On February 13th, the American Immigration Council (AIC) hosted a webinar titled “The Other Walls for Immigrants: Understanding the United States’ Overreliance on Immigration Detention.” The online panel featured members of AIC sharing their research on immigration detention in the U.S.
Tory Johnson, the Research Projects Manager at AIC, began the panel by presenting her findings on reports developed by AIC on immigrant detention from 2001 – 2016, as well as an analysis of ICE detention in FY 2015. Some of the findings are below:
- The amount of beds for families has skyrocketed over the last few years; the cost of housing a family in ICE custody has increased to over $600 per day
ICE relied on over 600 detention facilities in 2015, though ICE only publicly acknowledges the existence of about 200 of these.
Though only 10% of facilities are privately owned, 67 percent of individuals in ICE custody have been detained at least once in private facilities.
64% of all individuals in ICE custody are detained outside of major urban areas. In addition, all family detention facilities are located in small or rural cities. This has made it increasingly difficult for defendants to access attorneys and other resources during their detainment.
More than 47,000 grievances have been submitted by community members and detained individuals in FY 2015. The most common grievances involved access to legal counsel and basic immigration case information. There was a noticeable disparity between number of grievances filed at privately-owned facilities and publicly-owned facilities.
At the end of her talk, Johnson concluded with a few takeaways: that detention is essential to the Trump administration’s immigration enforcement; that detention is overused and poses serious hurdles to fair court processes; and that private detention facilities are worthy of extra scrutiny.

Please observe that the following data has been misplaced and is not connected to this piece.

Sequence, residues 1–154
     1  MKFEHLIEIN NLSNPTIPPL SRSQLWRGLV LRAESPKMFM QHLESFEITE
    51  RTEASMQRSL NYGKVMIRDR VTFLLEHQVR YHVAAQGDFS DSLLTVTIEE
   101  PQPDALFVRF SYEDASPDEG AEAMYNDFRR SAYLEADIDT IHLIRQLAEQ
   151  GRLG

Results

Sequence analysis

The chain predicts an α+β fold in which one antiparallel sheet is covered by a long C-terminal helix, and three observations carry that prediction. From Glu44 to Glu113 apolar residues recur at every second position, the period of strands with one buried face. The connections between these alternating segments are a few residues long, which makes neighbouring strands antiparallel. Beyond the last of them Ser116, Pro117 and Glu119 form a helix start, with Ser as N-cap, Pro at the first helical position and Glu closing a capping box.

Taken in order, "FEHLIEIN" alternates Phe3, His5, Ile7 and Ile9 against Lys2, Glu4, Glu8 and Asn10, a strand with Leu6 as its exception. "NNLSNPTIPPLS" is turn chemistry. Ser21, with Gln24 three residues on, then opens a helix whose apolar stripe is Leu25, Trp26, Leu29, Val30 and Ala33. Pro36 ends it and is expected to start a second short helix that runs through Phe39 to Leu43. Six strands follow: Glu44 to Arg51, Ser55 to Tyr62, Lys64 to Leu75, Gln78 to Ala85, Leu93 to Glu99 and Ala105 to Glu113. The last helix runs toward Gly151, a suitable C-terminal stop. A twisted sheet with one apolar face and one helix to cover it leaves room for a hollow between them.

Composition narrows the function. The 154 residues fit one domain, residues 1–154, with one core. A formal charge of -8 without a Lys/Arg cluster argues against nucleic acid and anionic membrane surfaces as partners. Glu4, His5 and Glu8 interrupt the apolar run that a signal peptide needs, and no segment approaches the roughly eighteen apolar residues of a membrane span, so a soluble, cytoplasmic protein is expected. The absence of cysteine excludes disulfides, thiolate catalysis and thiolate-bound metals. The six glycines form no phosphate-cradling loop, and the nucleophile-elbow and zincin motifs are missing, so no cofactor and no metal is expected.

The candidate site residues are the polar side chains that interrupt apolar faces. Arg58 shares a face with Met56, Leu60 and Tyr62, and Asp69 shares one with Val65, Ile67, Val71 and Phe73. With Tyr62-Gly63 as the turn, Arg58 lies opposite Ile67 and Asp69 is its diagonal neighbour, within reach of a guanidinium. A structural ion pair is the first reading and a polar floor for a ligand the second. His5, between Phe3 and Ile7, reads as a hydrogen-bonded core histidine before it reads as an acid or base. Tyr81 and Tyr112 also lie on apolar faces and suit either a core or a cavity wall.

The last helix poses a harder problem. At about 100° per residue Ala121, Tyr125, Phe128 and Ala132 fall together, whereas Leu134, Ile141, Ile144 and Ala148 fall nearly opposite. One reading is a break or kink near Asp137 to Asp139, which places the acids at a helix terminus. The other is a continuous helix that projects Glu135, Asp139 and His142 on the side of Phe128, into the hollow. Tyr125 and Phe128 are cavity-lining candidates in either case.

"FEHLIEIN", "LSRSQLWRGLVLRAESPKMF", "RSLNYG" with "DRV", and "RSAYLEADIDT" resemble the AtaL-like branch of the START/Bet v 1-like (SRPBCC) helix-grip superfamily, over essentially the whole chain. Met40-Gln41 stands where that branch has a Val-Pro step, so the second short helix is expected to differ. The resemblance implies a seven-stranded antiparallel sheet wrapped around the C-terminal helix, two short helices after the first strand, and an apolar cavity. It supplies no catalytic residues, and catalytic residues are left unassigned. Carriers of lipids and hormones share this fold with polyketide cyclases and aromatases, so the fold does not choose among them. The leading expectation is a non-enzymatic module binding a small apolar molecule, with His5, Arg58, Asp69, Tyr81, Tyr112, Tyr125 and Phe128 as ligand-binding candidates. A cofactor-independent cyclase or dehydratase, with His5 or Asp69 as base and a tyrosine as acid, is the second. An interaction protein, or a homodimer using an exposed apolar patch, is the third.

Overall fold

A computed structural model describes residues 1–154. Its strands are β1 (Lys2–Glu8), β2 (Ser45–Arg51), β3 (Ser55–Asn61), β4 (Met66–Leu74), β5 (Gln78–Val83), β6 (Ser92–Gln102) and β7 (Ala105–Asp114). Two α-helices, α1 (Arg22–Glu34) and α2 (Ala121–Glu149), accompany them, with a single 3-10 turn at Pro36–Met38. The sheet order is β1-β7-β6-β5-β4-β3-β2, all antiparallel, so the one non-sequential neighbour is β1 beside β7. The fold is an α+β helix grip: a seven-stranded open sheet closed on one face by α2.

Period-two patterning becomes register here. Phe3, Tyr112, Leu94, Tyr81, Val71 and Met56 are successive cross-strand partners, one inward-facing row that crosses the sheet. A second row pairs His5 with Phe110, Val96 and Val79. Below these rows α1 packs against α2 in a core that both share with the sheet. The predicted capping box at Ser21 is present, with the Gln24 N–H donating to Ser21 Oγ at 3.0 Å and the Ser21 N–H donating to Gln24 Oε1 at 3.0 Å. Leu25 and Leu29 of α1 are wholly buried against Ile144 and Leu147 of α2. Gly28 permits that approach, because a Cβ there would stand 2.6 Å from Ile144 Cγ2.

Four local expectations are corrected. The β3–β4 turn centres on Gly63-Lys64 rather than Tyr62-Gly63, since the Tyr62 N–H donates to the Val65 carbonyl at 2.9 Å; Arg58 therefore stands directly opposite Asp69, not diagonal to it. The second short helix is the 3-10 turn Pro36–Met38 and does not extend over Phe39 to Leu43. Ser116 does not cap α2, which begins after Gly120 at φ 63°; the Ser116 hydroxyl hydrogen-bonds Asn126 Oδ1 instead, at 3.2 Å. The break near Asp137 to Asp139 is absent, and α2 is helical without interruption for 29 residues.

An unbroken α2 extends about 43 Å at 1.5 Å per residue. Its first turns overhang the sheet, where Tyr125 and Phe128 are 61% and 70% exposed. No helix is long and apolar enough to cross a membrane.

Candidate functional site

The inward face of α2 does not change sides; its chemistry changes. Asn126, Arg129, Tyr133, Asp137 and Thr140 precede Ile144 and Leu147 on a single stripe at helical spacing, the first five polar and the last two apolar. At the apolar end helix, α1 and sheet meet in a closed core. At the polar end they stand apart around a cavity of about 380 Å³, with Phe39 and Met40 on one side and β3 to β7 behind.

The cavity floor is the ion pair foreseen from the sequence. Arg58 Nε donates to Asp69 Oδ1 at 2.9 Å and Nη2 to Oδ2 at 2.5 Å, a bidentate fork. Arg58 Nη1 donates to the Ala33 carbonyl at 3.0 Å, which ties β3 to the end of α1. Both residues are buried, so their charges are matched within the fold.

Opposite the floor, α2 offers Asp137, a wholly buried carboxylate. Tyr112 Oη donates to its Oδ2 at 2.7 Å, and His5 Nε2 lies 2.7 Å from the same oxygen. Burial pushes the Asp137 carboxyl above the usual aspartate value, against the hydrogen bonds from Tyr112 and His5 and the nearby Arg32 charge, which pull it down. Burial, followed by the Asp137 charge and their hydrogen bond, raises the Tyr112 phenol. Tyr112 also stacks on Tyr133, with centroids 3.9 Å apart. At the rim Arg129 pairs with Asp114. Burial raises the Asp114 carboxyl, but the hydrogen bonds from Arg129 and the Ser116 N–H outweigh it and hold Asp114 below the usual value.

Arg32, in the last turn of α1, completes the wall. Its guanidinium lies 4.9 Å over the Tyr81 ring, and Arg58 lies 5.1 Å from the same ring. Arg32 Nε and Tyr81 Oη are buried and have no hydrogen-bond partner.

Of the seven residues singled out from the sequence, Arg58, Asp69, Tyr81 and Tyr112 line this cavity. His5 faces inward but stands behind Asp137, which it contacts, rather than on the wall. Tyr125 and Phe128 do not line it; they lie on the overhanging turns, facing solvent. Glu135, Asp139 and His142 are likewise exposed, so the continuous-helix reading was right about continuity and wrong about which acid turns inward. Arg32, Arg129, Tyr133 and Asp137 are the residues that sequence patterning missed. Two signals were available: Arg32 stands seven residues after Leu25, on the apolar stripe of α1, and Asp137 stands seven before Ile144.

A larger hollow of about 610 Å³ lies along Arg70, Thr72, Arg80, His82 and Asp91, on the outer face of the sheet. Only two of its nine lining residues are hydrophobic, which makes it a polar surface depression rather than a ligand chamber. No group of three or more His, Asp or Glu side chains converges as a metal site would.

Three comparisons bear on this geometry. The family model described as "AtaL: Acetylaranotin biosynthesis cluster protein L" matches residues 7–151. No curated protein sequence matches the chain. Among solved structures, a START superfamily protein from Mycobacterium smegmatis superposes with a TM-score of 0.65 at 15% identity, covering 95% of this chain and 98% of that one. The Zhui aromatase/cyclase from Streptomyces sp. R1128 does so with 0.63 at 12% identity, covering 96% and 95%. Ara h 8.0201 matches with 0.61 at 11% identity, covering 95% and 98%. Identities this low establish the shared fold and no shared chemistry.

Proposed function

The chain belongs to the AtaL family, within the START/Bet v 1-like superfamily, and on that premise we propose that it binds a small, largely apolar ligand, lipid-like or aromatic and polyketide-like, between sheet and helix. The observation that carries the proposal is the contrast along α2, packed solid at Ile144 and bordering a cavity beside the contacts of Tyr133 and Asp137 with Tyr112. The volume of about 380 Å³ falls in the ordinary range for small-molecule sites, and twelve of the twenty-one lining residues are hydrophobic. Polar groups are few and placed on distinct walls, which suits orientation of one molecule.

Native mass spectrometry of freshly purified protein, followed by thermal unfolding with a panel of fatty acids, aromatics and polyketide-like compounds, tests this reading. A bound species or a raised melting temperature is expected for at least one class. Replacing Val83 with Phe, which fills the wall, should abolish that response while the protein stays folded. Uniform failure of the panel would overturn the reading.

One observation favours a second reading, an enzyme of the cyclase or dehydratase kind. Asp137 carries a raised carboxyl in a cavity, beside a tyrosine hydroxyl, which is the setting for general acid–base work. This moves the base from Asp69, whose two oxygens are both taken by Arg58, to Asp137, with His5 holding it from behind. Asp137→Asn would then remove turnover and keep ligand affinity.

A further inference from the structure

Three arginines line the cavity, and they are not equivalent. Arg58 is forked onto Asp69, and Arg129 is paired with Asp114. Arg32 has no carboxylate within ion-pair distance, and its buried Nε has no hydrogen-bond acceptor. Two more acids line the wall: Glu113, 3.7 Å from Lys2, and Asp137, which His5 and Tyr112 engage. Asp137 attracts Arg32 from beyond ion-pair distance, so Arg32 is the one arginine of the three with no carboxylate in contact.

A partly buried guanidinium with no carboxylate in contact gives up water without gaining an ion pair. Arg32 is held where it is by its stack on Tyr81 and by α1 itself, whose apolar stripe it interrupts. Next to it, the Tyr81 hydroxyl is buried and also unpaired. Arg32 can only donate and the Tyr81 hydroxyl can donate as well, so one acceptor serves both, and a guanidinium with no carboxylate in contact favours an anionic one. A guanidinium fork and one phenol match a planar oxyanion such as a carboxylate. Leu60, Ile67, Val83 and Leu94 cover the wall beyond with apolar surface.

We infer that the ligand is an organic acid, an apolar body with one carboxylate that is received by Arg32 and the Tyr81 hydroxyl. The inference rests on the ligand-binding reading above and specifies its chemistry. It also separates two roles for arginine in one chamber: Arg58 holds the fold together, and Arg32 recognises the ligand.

Kathryn Shepherd, the National Advocacy Counsel at AIC, spoke next on the state of ICE’s budget, describing how ICE systematically overspends their budget in order to draw funds from other DHS accounts such as FEMA. Shepherd went on to note how ICE continually fails to comply with congress with regard to procuring lists of its facilities and weekly population reports. These facilities also rely heavily on Video Teleconferencing (VTC) for court cases, which has been proven, according to AIC’s research, to negatively impact the outcome of a client’s hearing – nevertheless, VTC is continually pushed by ICE and its facilities.
Anna Byers, the Pro Bono Coordinator at AIC, closed out the panel with a report on ICE detention facilities in the state of New Jersey. According to Byers, the Elizabeth Contract Detention Facility in Elizabeth, NJ gives insight into the conditions that detainees face: dozens of cots with no windows or walls lined up in a row, few chances to go outside and minimal access to interpreters have made the already-traumatized detainees even more anxious leading up to their hearing. Some detainees, Byers mentioned, have become so despondent that they no longer wish to pursue what might otherwise be strong cases for their freedom.
Managing Director of Programs at AIC and panel leader Royce Murray concluded the webinar with a call to action for immigration lawyers: as of now, there is an urgent need to place asylum cases in Louisiana and Georgia. Any lawyers wishing to take on these cases should contact the AIC through the Immigration Justice Campaign as soon as possible.